Professor discovers parasite and names it after the famed musician
Crustacean hides among reefs, feeds off fish that swim by
Museum in New York will house some and may open an exhibit, professor says
It’s not just anyone who gets honored by having a bloodsucker named after him.
Bob Marley, the late reggae star known for messages of peace and understanding as well as a song about shooting a sheriff, is the latest cultural icon to have a species names after him, according to a news release from the National Science Foundation.
The Gnathia marleyi is tiny crustacean that attaches itself to fish that inhabit coral reefs in the Caribbean.
Paul Sikkel, an assistant professor of marine ecology and a field marine biologist at Arkansas State University, discovered the creature and decided to honor the musician.
“I named this species, which is truly a natural wonder, after Marley because of my respect and admiration for Marley’s music. Plus, this species is as uniquely Caribbean as was Marley,” he said.
Sikkel describes his research in the June 6 edition of Zootaxia, a journal for animal taxonomists (folks who classify species).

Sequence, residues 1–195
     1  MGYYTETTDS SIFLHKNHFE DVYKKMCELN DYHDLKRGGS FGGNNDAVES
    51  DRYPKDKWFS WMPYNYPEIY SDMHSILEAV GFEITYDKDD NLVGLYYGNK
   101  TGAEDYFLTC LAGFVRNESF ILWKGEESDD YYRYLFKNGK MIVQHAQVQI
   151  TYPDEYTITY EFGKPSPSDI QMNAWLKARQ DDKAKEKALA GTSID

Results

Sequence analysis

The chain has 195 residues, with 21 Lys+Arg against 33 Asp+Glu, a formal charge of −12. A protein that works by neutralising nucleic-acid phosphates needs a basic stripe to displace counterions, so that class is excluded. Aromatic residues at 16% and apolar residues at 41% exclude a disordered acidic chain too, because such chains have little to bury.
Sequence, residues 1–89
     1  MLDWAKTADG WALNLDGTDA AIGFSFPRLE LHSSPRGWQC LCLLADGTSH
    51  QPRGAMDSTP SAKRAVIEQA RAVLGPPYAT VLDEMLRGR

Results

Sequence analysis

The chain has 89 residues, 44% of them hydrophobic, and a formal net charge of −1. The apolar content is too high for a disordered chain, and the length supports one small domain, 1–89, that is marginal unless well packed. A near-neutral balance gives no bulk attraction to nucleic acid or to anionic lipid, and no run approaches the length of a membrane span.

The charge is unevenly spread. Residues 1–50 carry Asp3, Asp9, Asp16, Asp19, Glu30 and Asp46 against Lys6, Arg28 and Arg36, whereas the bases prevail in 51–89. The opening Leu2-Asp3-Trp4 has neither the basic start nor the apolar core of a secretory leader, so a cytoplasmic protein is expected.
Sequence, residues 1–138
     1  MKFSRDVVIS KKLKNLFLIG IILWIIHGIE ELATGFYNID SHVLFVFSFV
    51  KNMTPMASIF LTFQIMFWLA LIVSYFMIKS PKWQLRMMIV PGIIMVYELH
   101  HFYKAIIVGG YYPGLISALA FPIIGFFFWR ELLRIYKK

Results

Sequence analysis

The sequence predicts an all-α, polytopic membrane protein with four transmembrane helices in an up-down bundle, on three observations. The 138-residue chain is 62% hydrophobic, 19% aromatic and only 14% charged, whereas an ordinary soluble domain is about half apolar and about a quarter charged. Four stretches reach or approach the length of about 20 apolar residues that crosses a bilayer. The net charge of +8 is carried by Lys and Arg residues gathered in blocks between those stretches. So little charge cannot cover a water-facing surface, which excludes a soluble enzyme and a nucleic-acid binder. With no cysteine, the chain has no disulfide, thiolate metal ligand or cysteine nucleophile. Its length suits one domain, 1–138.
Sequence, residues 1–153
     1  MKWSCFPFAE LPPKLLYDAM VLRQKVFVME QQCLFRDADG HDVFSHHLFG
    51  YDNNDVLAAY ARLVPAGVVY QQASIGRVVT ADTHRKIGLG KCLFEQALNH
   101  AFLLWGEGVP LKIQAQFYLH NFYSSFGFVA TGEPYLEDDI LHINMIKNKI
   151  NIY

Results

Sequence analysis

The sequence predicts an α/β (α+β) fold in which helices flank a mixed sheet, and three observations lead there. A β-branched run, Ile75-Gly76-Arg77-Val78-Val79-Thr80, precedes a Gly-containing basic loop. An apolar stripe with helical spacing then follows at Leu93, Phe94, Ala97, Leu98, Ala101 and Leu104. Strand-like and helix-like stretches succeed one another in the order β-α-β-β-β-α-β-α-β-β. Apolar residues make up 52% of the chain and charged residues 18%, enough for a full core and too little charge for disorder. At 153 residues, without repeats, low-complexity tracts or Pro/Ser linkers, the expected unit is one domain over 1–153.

The Gnathia marleyi are sneaky little critters. They hide among coral rubble or algae and ambush unsuspecting fish, infesting them. The juveniles munch away, but adults apparently skip a meal or 21.
“We believe that adults subsist for two to three weeks on the last feedings they had as juveniles and then die, hopefully after they have reproduced,” Sikkel said.
Sikkel’s team is studying the relationship between coral reef destruction and the parasites. The more degradation there is, the more launching pads for the bloodsuckers – and the more fish are attacked.
You may get a chance to see these Marley creatures yourself; Sikkel and his team have sent some to the American Museum of Natural History in New York. They are discussing housing an exhibit there.
Other famous folk who have had a species named in honor of them include President Obama (a lichen), Comedian Stephen Colbert (a bug) and Elvis Presley (a wasp).